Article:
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Last Updated: Thursday, 1 December 2005, 20:55 GMT
Boris boosts Liverpool culture
By Brian Wheeler
BBC News political reporter

"My long penitentiary pilgrimage is not yet over."

Boris Johnson and Michael Howard
Boris meets a fellow lover of Liverpool

Boris Johnson is rapidly making a career of trying to be nice to Liverpool.

The Conservative MP was last year ordered to the city to apologise in person after the magazine he edits accused it of "wallowing" in its victimhood.

Now he has been rubbing shoulders with Liverpool's great and good at the launch of a cross-party campaign in London to promote the city's status as the 2008 European Capital of Culture.

"It was a very exciting day, full of incident, action and colour," said Mr Johnson of his Liverpool trip.

"Everyone was charming and friendly except the media, although they had their job to do."


But the Liverpudlians I met on the trip had few kind words for the Henley MP.

One 17-year-old student could barely contain her indignation on learning Mr Johnson was, at that time, the Conservatives' culture spokesman.

"How did he get that job?," she said, "Did they flip a coin? My two-year-old cousin could do better."

The local evening paper mocked up a picture of Mr Johnson with a red nose, asking "who's this clown?" - a feeling that still persists in the city, according to local journalists I spoke to on Thursday.

But as the canapés circulated on the Commons terrace, Mr Johnson seemed oblivious to such jibes.

'Serious point'

He had nothing but praise for Liverpudlians, lauding their "fantastic spirit", and insisting, in an eye-watering Shakespearean pun, that "the quality of Mersey is not strained".

Drummond Bone and Cilla Black
Cilla added a touch of glamour

It was "highly likely" that he would want to visit the city again, he added.

Mr Johnson was invited to join the cross-party group by its chair, Labour MP for Knowsley North & Sefton East George Howarth, who insisted there was a "serious point" to his involvement, beyond being a magnet for publicity.

"Boris may have felt he was unwise in some of the things he said and now he is making up for it," he said.

The event also saw Mr Johnson reunited with outgoing Tory leader Michael Howard, the man who sent Mr Johnson to Liverpool in the first place - and then fired him as junior culture spokesman a few weeks later.


The pair got on famously, competing with each other to see who could come up with the best Liverpool-boosting slogans.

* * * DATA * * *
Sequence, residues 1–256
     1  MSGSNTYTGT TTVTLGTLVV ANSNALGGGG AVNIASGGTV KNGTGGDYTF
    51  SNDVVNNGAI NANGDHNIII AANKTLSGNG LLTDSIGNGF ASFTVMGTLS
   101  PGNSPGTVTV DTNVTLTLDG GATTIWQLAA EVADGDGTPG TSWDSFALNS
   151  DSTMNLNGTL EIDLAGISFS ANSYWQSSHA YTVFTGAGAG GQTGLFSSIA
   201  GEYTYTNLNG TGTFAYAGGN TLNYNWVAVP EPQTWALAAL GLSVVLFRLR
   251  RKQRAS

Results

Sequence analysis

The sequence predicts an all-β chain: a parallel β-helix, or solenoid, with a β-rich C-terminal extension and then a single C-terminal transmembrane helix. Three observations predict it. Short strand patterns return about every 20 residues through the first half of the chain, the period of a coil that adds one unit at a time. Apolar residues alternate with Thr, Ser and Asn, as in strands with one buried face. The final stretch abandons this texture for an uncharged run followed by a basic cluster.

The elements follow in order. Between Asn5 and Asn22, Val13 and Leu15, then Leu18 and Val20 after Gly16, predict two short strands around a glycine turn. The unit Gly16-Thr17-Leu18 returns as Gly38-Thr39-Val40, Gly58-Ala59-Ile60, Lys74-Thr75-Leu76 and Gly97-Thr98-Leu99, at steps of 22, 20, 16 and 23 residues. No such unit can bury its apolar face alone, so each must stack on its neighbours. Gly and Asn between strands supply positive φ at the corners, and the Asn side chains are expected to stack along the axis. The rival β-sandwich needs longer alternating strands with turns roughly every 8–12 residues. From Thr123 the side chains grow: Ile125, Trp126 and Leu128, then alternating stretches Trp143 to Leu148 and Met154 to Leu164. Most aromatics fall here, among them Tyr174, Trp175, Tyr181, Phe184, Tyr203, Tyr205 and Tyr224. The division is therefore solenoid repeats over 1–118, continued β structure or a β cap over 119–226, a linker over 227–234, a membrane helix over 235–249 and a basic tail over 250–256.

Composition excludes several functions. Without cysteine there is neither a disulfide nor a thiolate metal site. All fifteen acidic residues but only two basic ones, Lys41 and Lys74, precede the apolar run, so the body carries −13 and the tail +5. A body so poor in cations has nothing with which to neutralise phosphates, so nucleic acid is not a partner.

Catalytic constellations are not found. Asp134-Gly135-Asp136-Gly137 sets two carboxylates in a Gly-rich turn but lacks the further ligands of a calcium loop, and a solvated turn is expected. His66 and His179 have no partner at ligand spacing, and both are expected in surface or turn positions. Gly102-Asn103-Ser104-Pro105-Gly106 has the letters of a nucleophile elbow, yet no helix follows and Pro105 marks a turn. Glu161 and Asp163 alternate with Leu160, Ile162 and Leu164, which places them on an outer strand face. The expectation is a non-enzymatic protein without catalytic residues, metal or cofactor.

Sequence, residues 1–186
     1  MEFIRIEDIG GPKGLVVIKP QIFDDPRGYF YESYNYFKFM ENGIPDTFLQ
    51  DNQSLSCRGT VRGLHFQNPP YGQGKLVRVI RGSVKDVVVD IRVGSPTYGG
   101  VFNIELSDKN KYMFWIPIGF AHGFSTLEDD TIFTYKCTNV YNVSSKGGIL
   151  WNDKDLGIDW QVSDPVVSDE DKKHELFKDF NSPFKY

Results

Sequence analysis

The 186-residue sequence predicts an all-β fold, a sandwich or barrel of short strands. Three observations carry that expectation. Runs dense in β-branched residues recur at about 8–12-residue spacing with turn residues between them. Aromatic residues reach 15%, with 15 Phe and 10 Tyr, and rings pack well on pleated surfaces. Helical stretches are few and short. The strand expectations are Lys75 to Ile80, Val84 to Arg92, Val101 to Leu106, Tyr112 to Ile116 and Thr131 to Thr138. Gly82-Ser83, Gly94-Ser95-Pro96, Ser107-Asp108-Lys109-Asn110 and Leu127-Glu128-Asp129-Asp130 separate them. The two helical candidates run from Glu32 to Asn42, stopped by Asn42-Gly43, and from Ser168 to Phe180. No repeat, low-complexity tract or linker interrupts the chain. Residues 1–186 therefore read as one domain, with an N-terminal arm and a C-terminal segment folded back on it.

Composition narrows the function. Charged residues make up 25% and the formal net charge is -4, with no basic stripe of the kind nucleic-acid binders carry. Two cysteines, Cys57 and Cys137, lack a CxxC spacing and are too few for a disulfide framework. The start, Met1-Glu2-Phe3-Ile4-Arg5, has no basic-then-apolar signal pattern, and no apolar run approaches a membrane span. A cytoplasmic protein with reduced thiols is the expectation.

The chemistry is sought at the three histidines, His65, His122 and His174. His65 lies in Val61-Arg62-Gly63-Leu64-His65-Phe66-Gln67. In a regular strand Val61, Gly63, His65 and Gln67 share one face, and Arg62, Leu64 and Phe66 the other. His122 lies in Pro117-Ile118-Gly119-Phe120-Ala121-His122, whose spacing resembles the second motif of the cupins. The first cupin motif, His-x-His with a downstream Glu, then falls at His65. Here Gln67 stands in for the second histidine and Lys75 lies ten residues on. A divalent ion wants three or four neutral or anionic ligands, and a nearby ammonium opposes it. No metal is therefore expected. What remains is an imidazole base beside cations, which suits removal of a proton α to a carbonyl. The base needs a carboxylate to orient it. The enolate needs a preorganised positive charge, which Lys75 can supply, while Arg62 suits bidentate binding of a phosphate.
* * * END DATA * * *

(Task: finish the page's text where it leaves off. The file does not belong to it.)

What about a joint pilgrimage to their favourite city?

"I would travel anywhere with Boris. I am not sure Boris would travel anywhere with me," declared a beaming Mr Howard, who was in a decidedly demob happy mood ("only five more days to go!").

Mr Howard has been a fan of Liverpool football club since he was small and made two unsuccessful attempts to become an MP in the city in the 1960s.

Asked what it was he loved about the place, Mr Howard said: "If you go into a lift in London and there are some other people in the lift, by the time you get out no one will have said a word to each other.

"If you get into a lift in Liverpool you are almost guaranteed to come out laughing."

'Great strides'

He said he would do anything - within reason - to help the Capital of Culture cause.

Prime Minister Tony Blair and Lib Dem leader Charles Kennedy have also given it their backing.

The 2008 festival is already big news on Merseyside but the organisers are keen to promote it is a national and international event.

They also want to make sure it gets a fair shout in the corridors of power - hence the launch of the cross-party group.

Such a move would scarcely have been possible 20 years ago, reflected the event's sponsor Lord Owen, when Liverpool was riven by political divisions and "real ill feeling".

But the former foreign secretary, who is chancellor of Liverpool University, said the city had made great strides since then and he hoped 2008 would do for it what the Commonwealth Games did for Manchester.

Cherie Blair

He also praised Liverpool's "dignified and mature" response to the "terrible murder" of black teenager Anthony Walker.

Capital of Culture organisers are keen for the event to showcase Liverpool's ethnic diversity - and the fact that it is open to all, not just the metropolitan elite.

So instead of the Bootleg Beatles - who entertained guests at the Brussels launch with Cherie Blair on guest vocals - the Westminster crowd were treated to a performance by rap trio Phase Two and a local community choir.

But this being Liverpool there had to be a hint of old-time showbusiness glamour.

And, sure enough, just as I was leaving, Cilla Black swept into the Palace of Westminster, too late, sadly, to bump into Boris, who had left early pursued by a BBC film crew.

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